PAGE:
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RickSteves
10-18-2009, 07:25 PM
Interesting post from a LSE postgrad student:

Recruitment fever has hit the LSE finance department the past couple of weeks, with my friends going stumbling over themselves to sign up for CV workshops, bank presentations, consulting fairs, that whole schbang. And I thought Wharton was competitive.

Observing the craziness over recruiting has confirmed what I’ve suspected all along: that people majoring in Finance have no idea what they’re doing. Everyone around me is applying for everything they can get their hands on: M&A, sales & trading, consulting, structuring, asset management, private banking… I knew it was getting ridiculous when a friend left a party at 12am because he needed to send out a cover letter the next day.

That same friend has also somehow made himself believe that M&A would be a very fulfilling career choice. Having done a few M&A cases a few weeks ago, I tried to convince him that it was basically 100-hour workweeks of putting together Excel earnings models and bullshit reports of “mutually strategic goals”. He’s still applying for M&A and other jobs as well, conceding that he really doesn’t know what he wants to do except that he’d like to make “lots of money”.

I think that sums up the predicament of almost every investment banker. From the book Liar’s Poker: “The analyst was a prisoner of his own narrowly focused ambition. He wanted money. He didn’t want to expose himself in any unusual way. He wanted to be thought successful by others like him. There was one sure way, and only one sure way, to get ahead: major in economics; use your economics degree to get an analyst job on Wall Street; use your analyst job to get into Harvard or Stanford Business Schools; and worry about the rest of your life later.”

Out of pure whim, I signed up for two days of the financial services fair at LSE (they had two quantitative trading firms that I wanted to talk to). Both days, starry-eyed students in business suits lined up to talk to recruiters. The line snaked from the fifth floor of the Old Building to the ground floor. Inside, students jostled with each other to crowd the recruiters at the bulge bracket banks: RBS, Goldman Sachs, Barcap, etcetc. They all asked the same inane questions (1. What’s a typical day in banking like? 2. What’s the culture of the company? 3. What skills are you looking for?), while knowing exactly what the answers were (1. Slogging from 10am to 4am, 2. We value teamwork, leadership, attitude, we’re not like other companies – but every company says that. 3. Be really good at Powerpoint and Excel, and be willing to embrace your status as scum in the corporate food chain)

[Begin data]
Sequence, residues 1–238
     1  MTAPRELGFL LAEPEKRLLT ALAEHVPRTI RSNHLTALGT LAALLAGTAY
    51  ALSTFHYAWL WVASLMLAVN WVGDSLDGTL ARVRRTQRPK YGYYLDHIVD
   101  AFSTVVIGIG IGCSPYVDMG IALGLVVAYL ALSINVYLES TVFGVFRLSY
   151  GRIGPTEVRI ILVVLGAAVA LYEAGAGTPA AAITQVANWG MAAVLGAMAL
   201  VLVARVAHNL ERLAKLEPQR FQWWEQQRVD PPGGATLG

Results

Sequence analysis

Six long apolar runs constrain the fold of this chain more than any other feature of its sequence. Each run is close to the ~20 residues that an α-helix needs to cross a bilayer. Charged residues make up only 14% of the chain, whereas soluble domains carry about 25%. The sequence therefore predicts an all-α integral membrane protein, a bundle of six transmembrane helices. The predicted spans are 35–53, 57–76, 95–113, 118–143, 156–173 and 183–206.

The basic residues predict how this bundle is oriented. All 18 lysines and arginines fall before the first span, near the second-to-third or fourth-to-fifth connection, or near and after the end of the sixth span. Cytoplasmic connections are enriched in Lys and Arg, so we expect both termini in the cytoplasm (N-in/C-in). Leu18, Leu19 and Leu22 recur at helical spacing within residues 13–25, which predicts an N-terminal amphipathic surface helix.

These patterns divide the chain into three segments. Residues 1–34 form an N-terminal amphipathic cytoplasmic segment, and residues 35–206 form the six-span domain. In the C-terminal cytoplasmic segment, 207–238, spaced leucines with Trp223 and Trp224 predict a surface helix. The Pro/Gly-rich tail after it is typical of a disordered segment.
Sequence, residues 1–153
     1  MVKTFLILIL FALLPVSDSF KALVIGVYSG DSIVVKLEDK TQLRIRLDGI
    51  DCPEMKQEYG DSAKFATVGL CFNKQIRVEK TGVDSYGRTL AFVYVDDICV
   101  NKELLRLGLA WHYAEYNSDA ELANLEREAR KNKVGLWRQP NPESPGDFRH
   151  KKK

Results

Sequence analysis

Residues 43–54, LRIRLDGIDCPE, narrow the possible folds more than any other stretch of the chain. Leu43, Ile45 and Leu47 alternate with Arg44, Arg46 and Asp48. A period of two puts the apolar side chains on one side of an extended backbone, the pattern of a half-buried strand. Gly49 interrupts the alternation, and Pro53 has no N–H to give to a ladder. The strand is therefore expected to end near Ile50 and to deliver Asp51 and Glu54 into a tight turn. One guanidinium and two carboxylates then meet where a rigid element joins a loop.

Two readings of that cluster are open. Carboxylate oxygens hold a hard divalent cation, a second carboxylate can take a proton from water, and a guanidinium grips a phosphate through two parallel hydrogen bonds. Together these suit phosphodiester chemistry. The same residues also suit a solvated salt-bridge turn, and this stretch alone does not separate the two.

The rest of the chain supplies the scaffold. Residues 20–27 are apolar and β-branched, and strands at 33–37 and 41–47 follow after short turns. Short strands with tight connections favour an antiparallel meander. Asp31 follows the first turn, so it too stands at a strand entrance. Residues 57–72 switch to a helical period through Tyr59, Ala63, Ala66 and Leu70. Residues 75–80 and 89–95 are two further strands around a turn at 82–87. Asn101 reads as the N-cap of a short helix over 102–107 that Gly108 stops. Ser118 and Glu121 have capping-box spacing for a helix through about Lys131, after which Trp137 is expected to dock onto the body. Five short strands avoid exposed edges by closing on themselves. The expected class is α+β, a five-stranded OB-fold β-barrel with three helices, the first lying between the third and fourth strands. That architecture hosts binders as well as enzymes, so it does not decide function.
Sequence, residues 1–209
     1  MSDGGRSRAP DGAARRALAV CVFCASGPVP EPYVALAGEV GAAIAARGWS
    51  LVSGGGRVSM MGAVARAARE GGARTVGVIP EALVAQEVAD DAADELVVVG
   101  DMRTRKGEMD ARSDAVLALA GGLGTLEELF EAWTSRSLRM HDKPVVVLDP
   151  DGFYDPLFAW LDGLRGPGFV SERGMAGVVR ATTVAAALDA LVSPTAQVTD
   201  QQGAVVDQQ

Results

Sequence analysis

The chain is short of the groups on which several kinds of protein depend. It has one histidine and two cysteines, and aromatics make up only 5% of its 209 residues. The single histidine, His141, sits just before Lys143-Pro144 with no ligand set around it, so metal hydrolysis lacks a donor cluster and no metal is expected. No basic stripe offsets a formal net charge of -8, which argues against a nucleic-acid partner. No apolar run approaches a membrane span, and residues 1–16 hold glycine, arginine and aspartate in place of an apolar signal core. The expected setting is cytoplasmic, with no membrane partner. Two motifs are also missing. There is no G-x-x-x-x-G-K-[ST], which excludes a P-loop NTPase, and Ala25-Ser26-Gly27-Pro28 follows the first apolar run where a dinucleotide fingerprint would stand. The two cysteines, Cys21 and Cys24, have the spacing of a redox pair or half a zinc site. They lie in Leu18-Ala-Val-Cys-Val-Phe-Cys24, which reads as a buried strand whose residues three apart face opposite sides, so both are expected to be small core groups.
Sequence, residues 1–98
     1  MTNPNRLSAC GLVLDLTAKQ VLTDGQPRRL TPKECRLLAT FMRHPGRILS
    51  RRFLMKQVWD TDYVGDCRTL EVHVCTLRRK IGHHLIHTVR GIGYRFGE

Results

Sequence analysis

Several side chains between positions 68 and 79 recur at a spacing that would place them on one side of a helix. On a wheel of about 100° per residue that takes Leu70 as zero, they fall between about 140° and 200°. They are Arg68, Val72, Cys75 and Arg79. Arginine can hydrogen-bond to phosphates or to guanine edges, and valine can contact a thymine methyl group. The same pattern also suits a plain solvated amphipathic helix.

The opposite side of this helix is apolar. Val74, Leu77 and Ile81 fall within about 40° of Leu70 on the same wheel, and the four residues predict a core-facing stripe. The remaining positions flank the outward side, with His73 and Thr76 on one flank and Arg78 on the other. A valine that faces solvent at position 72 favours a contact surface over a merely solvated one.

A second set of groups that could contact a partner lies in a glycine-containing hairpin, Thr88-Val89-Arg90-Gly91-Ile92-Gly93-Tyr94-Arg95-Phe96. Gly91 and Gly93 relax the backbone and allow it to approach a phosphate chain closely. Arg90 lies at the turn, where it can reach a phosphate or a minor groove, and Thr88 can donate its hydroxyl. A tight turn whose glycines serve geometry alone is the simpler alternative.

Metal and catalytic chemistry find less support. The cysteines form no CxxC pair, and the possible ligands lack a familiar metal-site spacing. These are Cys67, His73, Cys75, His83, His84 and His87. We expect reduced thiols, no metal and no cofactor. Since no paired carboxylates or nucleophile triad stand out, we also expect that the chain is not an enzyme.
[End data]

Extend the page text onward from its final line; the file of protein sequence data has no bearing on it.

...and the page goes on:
I couldn’t stand the idea of lining up with a bunch of suits, so I sneaked in through the back door. I walked past the students crowding the banks, headed straight to the trading firm I was interested in (there was no one talking to them), and had a pleasant conversation with a trader. Ten minutes later, he asked to look at my CV, wrote something on it, and said that he’d call me for a chat sometime next week. We shook hands, I walked past more students crowding the banks, and left. The entire process took 15 minutes.

Being clear about what I’d like to do is such an advantage. I’m sorry, but I didn’t get a Masters degree to compile dumb reports bullshitting about why “Company X’s leveraged buyout of Company Y would create value for shareholders.”

Thanks, but I’d rather be making real money and having a life.

http://eggonomics.wordpress.com/2009/10/14/job-schlobs/

I think this problem of finding the job with the sole purpose to make lots of money is pandemic among Singaporean graduates too. It is sad that they often don't know what they are interested/good in and the result is that the burnout rate is so high in this industry.

Freshie!
11-12-2009, 10:30 PM
Nice observation there cos i notice that trend too. but I myself is at such a crossroad too. the only difference being that i am interested in the work they do but i am greatly detered by the working hours